Perfect cookies - Updated [Bryan]

My quest for the perfect mashed potatoes has been well-documented on this blog. Less known is my obsession with finding the perfect chocolate chip cookie recipe. I thought I had found it in the New York Time's Jacques Torres cookie. I have recently uncovered a recipe from America's Test Kitchen (the best source of recipes ever) that might just give it a run for its money. The secret to this recipe seems to be browning the butter and adding dark brown sugar. I'm worried that the salt content is too low (chocolate chip cookies need a salty overtone) and that there is no time for chilling, but we'll see. I'm trying them tonight for Family Night. I will let everyone know how they turn out.

RESULTS: The America's Test Kitchen recipe did indeed make yummy cookies. In fact, the dough was probably the best testing dough I have ever sampled, with deep caramel and toffee flavors. Still, something was lost during the baking process and those flavors didn't come out as strongly in the finished cookie. Further, the taste was not as sophisticated as the New York Times cookie and I think the coarse sea salt in that recipe creates a complexity of flavor that the Test Kitchen cookie does not match. Edge: New York Times.

Sunday, June 13, 2010

Some recent pictures and videos [Bryan]

It has been too long since I posted some pictures of the family. We've been very busy lately, with Nora in soccer, dance, and piano lessons, Andrew in soccer and gymnastics lessons, and Stephen in walking and talking lessons. As you can tell from these pictures and video clips, they are all growing up quickly.

video

Stephen is walking (finally). This clip also captures one of his favorite games: playing catch with himself.

Andrew helping me try out my new camera.

Nora at the Park of Roses.

Ellie at the Park of Roses.

Andrew at the park of Roses.

Nora's dance recital.

Nora at the Park of Roses again.

video
Cute Stephen footage

Thursday, June 10, 2010

Against engagement rings [Bryan]

I've always thought the custom of engagement rings was odd. Sure, it is good to show special affection for one's bride-to-be. I was happy to buy a ring for Ellie, since I know how much this means for many women. I wanted to show her that she was just as important to me as the other women who received diamond rings from their men. I would do the same thing again. Wouldn't it be better, though, if we all found a better way of expressing this love?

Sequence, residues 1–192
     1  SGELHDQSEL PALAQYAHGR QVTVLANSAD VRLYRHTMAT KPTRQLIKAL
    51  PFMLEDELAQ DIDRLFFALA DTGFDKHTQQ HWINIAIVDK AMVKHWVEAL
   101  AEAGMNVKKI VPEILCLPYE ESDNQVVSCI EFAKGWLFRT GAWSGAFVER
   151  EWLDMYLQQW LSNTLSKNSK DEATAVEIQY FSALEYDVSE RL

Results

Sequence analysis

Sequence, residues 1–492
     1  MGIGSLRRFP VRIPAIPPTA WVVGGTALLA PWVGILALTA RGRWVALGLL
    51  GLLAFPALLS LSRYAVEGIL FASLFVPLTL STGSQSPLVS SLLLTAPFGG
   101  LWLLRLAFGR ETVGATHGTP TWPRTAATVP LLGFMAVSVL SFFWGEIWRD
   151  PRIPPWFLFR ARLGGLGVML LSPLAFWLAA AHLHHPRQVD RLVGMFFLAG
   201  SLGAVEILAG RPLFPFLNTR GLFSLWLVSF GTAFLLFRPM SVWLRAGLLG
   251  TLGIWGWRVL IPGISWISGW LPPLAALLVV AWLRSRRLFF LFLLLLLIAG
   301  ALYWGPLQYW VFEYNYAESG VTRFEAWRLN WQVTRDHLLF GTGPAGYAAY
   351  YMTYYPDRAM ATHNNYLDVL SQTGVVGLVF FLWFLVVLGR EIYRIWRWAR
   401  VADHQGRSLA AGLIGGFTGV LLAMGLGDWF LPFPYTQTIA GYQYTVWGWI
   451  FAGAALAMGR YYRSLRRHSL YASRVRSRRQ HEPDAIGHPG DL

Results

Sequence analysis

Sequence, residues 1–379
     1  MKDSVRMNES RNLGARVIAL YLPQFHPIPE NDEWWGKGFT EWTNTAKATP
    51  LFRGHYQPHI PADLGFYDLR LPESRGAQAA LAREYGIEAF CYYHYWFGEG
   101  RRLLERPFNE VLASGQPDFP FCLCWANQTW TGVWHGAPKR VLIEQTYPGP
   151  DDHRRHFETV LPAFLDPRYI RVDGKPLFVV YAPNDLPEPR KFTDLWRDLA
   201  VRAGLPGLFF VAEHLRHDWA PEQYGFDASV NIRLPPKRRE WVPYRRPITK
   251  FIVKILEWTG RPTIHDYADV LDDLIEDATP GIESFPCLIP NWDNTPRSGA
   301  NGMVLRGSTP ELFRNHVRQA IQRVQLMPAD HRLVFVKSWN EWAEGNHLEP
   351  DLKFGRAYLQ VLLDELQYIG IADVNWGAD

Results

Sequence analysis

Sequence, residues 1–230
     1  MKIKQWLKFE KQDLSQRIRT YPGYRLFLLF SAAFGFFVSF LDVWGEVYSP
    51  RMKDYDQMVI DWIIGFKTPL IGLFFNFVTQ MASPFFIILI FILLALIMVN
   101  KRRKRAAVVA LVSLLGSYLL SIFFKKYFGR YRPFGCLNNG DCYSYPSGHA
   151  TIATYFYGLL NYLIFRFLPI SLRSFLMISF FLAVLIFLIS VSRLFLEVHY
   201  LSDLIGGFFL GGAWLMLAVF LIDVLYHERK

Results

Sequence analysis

When Ellie and I got married, we were both students trying to pay our way through college. I worked construction during the summer and as a research assistant during school year. I probably made about $7000 dollars a year doing this, while Ellie made about the same, maybe a little more, working at the Utah Children's Museum. Tuition, books, and living expense ate up most of this income. After buying the ring, and paying for the honeymoon, we started our marriage absolutely broke. I doubt we had $50 to our name. This poverty led to some stress and tensions during the first year (including the now famous "ice cream argument") as we tried to make ends meet -- mostly because of that darn ring.

Anyway, let me join with Friedersdorf and urge women everywhere to start a movement against engagement rings:
But men are the ones who buy the rings? Look, men are ultimately going to buy whatever it is that women want. It's a change in social norms that guys are never going to bring about on our own. Why should women want to end diamond engagement rings? Well first of all, it's your money too, presuming the wedding eventually occurs, and more than that, you're the ones who are silently judged by status conscious people every time they look at the size of your rock -- in other words, either you've got reason to feel bad about what other people think of you, or else you're complicit in a system that makes people with less wealthy fiances feel bad about themselves.